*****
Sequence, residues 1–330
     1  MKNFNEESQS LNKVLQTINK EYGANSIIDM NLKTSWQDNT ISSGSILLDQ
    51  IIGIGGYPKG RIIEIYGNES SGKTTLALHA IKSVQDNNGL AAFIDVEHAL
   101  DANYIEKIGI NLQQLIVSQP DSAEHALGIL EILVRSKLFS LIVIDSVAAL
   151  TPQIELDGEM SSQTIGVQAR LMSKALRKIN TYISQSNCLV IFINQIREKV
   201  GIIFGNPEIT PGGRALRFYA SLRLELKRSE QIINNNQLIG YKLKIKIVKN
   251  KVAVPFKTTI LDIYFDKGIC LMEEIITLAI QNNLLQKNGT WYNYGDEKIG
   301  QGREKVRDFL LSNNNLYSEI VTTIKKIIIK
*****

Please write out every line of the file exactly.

Sequence, residues 1–330
     1  MKNFNEESQS LNKVLQTINK EYGANSIIDM NLKTSWQDNT ISSGSILLDQ
    51  IIGIGGYPKG RIIEIYGNES SGKTTLALHA IKSVQDNNGL AAFIDVEHAL
   101  DANYIEKIGI NLQQLIVSQP DSAEHALGIL EILVRSKLFS LIVIDSVAAL
   151  TPQIELDGEM SSQTIGVQAR LMSKALRKIN TYISQSNCLV IFINQIREKV
   201  GIIFGNPEIT PGGRALRFYA SLRLELKRSE QIINNNQLIG YKLKIKIVKN
   251  KVAVPFKTTI LDIYFDKGIC LMEEIITLAI QNNLLQKNGT WYNYGDEKIG
   301  QGREKVRDFL LSNNNLYSEI VTTIKKIIIK